Gaming tech firm Razer is seeking to raise up to US$545 million (S$743 million) through an initial public offering (IPO) in Hong Kong that could value the company at up to US$4.55 billion.
Razer, which is on a roadshow until Nov 6, has indicated an IPO price range of between HK$2.93 to HK$4 a share. The price will be fixed on Nov 6 with plans for trading to start on Nov 13. The IPO comprises 1.06 billion shares or 12 per cent of Razer's share capital. There will also be an over-allotment option for 160 million shares.
Razer's market debut would coincide with the launch of its first mobile phone, which it said would be released first in the United States and Europe. Nov 2 (Singapore time) is the expected date for the big reveal, according to Razer's website.
Razer, whose early investors include Intel, Hong Kong's richest man Li Ka Shing and Singapore venture capitalist Lee Hsien Yang, has also raised US$153 million from five cornerstone investors, including Singapore sovereign wealth fund GIC (US$20 million). The others are Indonesia's billionaire brothers Robert Budi Hartono and Michael Bambang Hartono (US$33 million), Singhaiyi Group managing director Celine Tang (US$50 million), Rio casino owner Loi Keong Kuong (US$30 million) and Chinese real estate developer Kingkey (US$20 million).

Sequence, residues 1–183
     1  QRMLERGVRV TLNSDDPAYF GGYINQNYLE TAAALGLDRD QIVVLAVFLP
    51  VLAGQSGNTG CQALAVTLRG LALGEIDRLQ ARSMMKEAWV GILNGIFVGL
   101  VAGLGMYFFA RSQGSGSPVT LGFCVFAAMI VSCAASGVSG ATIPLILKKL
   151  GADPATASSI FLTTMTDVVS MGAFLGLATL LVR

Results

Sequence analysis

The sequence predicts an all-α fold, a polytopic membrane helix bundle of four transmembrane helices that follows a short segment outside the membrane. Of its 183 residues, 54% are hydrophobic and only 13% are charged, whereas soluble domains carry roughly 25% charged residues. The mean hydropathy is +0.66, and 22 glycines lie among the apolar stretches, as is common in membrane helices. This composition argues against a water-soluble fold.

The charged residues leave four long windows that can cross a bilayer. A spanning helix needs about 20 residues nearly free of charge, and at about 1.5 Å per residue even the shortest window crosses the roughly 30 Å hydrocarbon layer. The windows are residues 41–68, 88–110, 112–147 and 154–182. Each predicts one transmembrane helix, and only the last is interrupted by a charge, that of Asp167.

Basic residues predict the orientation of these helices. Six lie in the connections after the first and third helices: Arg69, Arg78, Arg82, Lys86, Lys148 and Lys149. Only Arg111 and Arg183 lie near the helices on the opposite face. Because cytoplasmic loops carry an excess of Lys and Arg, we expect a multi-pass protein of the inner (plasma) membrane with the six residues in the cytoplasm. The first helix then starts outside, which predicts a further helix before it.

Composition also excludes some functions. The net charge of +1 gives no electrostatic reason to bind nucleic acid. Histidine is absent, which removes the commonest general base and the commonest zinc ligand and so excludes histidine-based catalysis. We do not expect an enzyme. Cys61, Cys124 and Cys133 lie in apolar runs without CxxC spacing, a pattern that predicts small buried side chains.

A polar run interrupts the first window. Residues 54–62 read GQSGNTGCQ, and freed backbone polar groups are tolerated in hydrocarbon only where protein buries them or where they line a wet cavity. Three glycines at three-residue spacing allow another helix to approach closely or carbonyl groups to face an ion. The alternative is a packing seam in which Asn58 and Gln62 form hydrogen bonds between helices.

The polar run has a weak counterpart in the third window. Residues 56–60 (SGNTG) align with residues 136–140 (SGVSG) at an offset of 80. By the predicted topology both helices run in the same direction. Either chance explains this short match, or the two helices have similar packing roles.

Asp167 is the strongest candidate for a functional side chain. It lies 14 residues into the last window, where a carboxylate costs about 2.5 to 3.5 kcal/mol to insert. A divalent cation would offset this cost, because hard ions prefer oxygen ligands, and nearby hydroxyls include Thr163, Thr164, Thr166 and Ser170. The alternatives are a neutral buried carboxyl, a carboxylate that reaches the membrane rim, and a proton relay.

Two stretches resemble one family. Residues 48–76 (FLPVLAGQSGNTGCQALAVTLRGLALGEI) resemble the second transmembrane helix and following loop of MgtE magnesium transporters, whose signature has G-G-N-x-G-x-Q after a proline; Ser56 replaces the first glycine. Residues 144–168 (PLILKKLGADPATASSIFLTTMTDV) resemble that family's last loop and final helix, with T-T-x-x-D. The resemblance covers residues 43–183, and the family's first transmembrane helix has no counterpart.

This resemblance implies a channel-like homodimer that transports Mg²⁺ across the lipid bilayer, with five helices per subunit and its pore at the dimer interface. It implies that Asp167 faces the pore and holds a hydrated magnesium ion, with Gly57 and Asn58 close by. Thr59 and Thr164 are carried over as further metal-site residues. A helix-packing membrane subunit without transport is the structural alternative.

The IPO would raise net proceeds of about HK$3.5 billion, based on a mid-range offer price and assuming that the over-allotment option is not exercised, Razer said yesterday.
Of this, 25 per cent will be used to expand business in the gaming and digital entertainment industry, including mobile devices. Another 25 per cent will be set aside for acquisitions, 20 per cent for expansion of research and development, and 20 per cent earmarked for sales and marketing initiatives for new products such as zGold, Razer's credits service launched in January.
Razer, founded by Singaporean Tan Min-Liang in 2005, describes itself as a lifestyle brand for gamers. It is based in both Singapore and California, and sells premium gaming peripherals such as high-precision mice and customisable keyboards in 76 countries.
$612mThe IPO would raise net proceeds of about HK$3.5 billion (S$612 million), based on a mid-range offer price and assuming the over-allotment option is not exercised.
The full prospectus is expected to be out today.